Just make sure the red meat you do buy has NO ANTIBIOTICS/HORMONES or anythings else unnatural. Animals (including you) store toxins in their fat. That's why it's very important to get quality red meat or you will ingest the same unhealthy toxins that the cow did.

As far as chicken, the fat is high in omega 6 so you want to be careful, however, by supplementing with a quality Omega 3 you should get you the same benefits while still avoiding the unwanted toxins in the fat.

Trader Joe's has great prices on frozen chicken and FISH. I love buying frozen cod from them. I can get 2-3 single servings for $4!

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26182 · November 20, 2012 at 3:30 PM

Don't let perfection be the enemy of the good enough.

Also, I work with a group that does a cow pool. Many of the cuts the group doesn't use, especially the bigger cuts and the offal. In addition to my share of the cuts. I buy the unwanted cuts from the group at a dollar per lbs. So I get it dirt cheap, just have to do more work than if I had all Rib Eyes.

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11581 · November 20, 2012 at 2:51 PM

If you can't afford grass-fed, eat the leaner cuts of ruminants (beef, lamb, goats). A lot of the health problems associated with grain fed meats are associated with the fats. Also get protein from wild caught fish and eggs. Canned salmon is virtually always wild (farmed salmon looses texture when canned) and a fantastic bargain.

Added: Something else to consider - Can you really not afford grass fed? (no problem if the answer is yes, it is for many people) OR is it that you are spending money on other things that could be spent on grass fed meat? Are your purchases in line with your true priorities? The classic example of this is the $4 morning coffee shop beverage. That $4 will buy 2/3 of a lb of pastured local ground beef or a dozen pastured eggs at my farmers market. That's a nice chunk of high quality protein.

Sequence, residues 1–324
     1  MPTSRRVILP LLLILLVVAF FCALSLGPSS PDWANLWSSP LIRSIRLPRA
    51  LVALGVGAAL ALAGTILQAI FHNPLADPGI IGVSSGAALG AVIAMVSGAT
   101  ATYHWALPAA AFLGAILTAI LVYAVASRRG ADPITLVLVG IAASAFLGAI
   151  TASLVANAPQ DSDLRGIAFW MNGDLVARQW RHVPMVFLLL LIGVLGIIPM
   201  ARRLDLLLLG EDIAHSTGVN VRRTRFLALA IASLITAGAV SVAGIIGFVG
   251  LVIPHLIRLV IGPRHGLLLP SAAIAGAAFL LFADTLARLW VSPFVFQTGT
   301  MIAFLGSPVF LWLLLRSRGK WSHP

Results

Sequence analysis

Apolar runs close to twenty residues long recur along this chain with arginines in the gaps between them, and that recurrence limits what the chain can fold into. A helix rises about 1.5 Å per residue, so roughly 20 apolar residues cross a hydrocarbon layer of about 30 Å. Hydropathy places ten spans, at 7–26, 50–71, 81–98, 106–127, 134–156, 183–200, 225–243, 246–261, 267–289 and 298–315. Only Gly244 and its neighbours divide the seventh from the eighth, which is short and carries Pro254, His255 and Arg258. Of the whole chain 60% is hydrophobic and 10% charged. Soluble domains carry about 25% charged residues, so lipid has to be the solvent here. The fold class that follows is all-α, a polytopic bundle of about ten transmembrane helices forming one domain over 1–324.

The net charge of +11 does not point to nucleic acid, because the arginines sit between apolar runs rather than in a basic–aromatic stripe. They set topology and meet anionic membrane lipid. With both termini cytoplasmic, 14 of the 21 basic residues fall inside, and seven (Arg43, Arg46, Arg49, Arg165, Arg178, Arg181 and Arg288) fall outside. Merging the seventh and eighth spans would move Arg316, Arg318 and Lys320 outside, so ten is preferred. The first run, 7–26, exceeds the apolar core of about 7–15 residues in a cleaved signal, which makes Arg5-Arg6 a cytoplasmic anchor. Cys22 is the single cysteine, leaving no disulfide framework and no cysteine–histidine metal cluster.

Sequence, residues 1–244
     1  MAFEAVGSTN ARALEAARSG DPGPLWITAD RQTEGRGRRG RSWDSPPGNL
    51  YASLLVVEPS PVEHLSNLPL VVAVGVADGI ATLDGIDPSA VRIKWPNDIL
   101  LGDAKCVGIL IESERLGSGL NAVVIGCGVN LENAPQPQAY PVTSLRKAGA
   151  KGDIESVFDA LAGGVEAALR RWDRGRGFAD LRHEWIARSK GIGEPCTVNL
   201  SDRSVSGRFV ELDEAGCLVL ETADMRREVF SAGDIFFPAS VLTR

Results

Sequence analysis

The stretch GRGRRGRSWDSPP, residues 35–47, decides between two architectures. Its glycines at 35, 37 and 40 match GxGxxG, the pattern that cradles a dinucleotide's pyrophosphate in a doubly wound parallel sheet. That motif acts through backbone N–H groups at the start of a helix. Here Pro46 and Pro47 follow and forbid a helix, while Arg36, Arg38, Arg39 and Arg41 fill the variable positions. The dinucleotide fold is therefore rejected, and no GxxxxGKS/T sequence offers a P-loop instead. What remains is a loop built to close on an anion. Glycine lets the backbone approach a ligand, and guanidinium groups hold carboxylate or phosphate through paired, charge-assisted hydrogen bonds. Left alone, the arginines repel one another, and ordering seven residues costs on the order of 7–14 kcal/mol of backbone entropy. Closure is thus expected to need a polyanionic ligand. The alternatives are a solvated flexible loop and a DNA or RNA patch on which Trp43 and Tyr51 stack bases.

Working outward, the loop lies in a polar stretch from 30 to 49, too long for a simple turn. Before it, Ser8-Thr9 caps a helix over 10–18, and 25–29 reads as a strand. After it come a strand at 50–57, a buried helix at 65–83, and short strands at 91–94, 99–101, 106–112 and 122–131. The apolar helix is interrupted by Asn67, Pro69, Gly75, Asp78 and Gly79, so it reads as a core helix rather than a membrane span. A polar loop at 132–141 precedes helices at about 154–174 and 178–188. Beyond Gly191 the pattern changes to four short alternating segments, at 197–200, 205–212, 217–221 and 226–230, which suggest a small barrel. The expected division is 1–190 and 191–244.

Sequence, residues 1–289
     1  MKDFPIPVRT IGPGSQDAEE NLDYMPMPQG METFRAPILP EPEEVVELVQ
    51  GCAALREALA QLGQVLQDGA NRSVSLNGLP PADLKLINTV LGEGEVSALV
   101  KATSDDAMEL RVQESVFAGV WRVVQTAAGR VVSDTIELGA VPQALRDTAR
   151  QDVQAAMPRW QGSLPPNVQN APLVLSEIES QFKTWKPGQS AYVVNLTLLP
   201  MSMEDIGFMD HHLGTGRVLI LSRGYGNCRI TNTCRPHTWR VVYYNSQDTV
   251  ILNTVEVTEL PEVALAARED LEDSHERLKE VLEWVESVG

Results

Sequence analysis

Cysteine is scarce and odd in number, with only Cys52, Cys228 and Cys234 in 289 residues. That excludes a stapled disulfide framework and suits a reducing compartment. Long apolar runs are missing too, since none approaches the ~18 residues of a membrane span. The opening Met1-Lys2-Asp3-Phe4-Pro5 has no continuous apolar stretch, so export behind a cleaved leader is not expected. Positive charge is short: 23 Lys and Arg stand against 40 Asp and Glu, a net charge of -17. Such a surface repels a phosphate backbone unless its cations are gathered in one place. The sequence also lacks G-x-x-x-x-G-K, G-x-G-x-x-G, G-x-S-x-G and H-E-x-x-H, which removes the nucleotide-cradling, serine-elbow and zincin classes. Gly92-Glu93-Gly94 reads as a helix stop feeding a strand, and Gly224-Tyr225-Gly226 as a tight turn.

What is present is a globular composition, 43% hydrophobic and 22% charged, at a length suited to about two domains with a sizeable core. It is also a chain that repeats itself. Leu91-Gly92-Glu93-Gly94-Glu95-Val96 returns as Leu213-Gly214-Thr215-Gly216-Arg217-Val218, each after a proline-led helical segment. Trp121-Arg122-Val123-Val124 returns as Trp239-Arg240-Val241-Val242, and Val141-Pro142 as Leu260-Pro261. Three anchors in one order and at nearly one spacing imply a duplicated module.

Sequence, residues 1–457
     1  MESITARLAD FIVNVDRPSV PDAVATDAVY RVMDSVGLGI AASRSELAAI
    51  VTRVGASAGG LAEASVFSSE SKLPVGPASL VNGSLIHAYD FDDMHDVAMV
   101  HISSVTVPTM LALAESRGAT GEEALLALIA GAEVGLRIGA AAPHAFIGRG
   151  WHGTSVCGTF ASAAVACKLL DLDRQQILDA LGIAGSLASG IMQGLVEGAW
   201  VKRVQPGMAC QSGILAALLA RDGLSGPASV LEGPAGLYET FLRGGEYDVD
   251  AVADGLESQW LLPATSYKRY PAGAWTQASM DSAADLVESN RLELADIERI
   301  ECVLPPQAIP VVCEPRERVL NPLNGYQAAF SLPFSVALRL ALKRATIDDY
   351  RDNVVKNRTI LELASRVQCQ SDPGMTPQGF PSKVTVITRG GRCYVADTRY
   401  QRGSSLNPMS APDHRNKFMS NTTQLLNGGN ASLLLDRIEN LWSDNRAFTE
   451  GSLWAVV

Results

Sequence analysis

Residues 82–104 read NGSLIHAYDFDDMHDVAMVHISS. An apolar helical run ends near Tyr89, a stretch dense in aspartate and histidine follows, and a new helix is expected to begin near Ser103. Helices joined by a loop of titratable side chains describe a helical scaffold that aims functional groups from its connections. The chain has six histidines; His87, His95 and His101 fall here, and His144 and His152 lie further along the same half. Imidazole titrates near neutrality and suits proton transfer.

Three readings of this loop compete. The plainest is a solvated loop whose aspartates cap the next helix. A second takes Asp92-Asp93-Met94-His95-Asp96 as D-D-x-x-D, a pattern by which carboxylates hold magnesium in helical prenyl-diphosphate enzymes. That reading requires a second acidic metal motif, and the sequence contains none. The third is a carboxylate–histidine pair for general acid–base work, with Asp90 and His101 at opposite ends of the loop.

32f5749fa6cf7adbeb0b0b031ba82b46
41452 · November 20, 2012 at 3:55 PM

Any scientific support that leaner cut are less harmful than fatty cuts of conventional meat? http://paleohacks.com/questions/147593/is-conventional-animal-fat-really-that-bad

Bfd70bb38267fcc2d762063d691fa226
723 · November 12, 2013 at 1:49 AM

I rely on canned fish, too. I can't afford to eat much beef at all

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189 · November 20, 2012 at 6:45 AM

i can't always afford grass fed... but i ALWAYS check the sale flyers cause sometimes you can get grass fed beef for 3.99/lb. also last minute sales on grass-fed items that you may cook right away or freeze can be found.

from my understanding if you can't afford grass fed is; buy lean cuts of meat, and if you do large roasts in the crock pot separate out the fat as a lot of the "toxins" are found in the fat.

also be thrifty in your cooking- last week Sprouts Market had organic free range turkeys on sale for .79/lb. that is so much meat, and so many bones to make broth with. i actually spend less money since eating paleo, so i often am ok to "splurge" on grass-fed items. my last option would be eat less meat, but make it quality meat, and increase my fat intake.

good luck!